Over the past few months, a team of SDF engineers has been hard at work on a new smart contracts platform, and today, we're excited to share a preview. With it, developers can start to experiment with what we've built, and I'll get into a bit more about what that means below. But first…the name.
Back in June, we realized we were surprisingly close to having this preview to share, and we knew we needed to come up with a name for the platform itself. Jump Cannon, the project name for the development process, is a bit cumbersome, and it doesn't really sound like a product. We wanted a single word, something unique and searchable, something easy to read and write.
And so, we started a thread on the Stellar Dev Discord asking for suggestions. We got a great response, and ideas came in from all over. We went through them one by one and checked for brand and namespace collision (wow, does the blockchain industry love space-themed names!), and, after many hours, much debate, a bit of hand wringing, and at least one incident involving pistols at dawn, we arrived at a name: Soroban.
Why Soroban? The Japanese soroban is the smallest and simplest abacus. Its design is compact and minimalist, focused on doing the essentials — and doing them well. It set the global standard for abacuses (abacii?) and is still in practical use today. It's the right name for what we're building because it represents what we want our smart contracts platform to be: sensible, built-to-scale, batteries-included, and developer-friendly. We want to set the standard for smart contracts, and we want to build our platform for the long term.
In fact, we decided to build Soroban rather than use an existing smart contracts platform precisely because we want something with those properties, and, after surveying the space, we realized that no existing smart contracts platform has them all. Some are not built to scale, some present too many footguns for developers, others are unnecessarily complex. The goal of building Soroban is to make something that's broadly useful, and so it doesn't depend on or require Stellar at all. It can (and I hope will) be used by any transaction processor — other blockchains, L2s, even permissioned ledgers.
That being said, Soroban's design is particularly suited to Stellar, a blockchain that shares its values of scale and sensibility. And I believe that by pairing the two, developers will have the advantage of building smart contracts on one of the most accessible blockchain networks in the world, one that is focused on equitable access through decentralized finance.
Now, I don’t want to oversell the whole building-it-all-on-our-own thing...Soroban is new, but it's built on well-established technologies: WASM and Rust. These choices are deliberate, and we made them after a ton of research. With WASM (WebAssembly), we get a robust and minimal bytecode specification designed to run in an adversarial environment, initially the web — and now in blockchains. (ICYMI: I shared more about choosing WASM here.)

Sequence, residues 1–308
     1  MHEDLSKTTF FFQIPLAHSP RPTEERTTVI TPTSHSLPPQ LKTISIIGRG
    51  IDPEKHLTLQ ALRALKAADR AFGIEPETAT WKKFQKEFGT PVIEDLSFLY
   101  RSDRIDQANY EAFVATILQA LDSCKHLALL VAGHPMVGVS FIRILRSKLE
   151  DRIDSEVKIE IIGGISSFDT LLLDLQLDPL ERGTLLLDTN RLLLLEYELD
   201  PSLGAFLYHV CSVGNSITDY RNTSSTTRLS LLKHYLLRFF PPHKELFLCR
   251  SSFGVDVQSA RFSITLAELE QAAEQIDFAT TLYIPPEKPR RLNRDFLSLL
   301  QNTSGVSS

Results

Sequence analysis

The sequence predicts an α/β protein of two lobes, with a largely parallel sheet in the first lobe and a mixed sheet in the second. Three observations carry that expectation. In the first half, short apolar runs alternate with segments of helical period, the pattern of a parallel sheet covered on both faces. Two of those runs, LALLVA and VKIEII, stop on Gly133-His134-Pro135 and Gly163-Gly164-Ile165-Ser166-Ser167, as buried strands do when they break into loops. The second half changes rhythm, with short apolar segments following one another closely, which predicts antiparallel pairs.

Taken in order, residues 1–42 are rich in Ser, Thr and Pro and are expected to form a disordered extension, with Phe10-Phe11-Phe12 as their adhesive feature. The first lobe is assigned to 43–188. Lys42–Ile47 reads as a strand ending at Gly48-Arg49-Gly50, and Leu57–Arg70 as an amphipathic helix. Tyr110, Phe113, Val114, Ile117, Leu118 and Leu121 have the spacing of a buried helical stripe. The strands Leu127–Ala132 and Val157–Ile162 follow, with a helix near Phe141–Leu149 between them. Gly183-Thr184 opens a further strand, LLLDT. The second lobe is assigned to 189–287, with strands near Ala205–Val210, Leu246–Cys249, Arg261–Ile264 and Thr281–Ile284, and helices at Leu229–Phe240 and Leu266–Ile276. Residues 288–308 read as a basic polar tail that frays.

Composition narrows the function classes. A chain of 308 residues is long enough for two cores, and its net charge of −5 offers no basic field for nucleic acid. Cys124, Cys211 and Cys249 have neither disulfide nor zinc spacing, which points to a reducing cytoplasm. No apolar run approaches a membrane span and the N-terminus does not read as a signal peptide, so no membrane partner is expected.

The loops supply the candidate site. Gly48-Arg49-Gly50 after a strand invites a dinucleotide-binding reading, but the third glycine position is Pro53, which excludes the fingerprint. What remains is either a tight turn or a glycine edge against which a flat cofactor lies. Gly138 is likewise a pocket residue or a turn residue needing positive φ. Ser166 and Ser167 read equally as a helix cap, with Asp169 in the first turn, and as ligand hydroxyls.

Rust is fast becoming the standard programming language for safe, mission-critical, and efficient computation. Choosing Rust also means we can share code between a smart contract and its host environment (in the case of Stellar, that means stellar-core), and we’re doing exactly that! Expect more content on Rust and how we use it soon.
Alright, let’s get to the good stuff – what can you actually do with this preview release?
With this preview, developers can write and test contracts on their local machine without depending on a running network. It focuses on contract development, rather than complete dApp development. This means that, for example, you can write and test a liquidity pool contract, but not (yet) a full liquidity pool app that indexes and consumes trade data.
You can now write contracts with initial versions of the Soroban environment, SDK, and CLI. There are also some early Docs and Examples to help get you started. In the next few iterations, we will be introducing an events system, indexing service, better gas metering, a Stellar Core integration, and much more.
This is the first time in the history of the SDF in which we are releasing such an early preview. We’re doing it because we believe that we’re building something special with Soroban, and true to our open-source roots, we believe it’s important to share the development process. We want Stellar ecosystem developers and smart contract developers from other ecosystems to have a chance to make a meaningful impact together.
Put another way, we want your feedback! Test it out, see what you can do, and let us know what you think. But don’t forget this is a preview. Expect your code to break, realize that updates will shift things, and understand that the release version of Soroban may be a significantly changed product.
If you’re ready to explore Soroban, the journey starts at the Docs.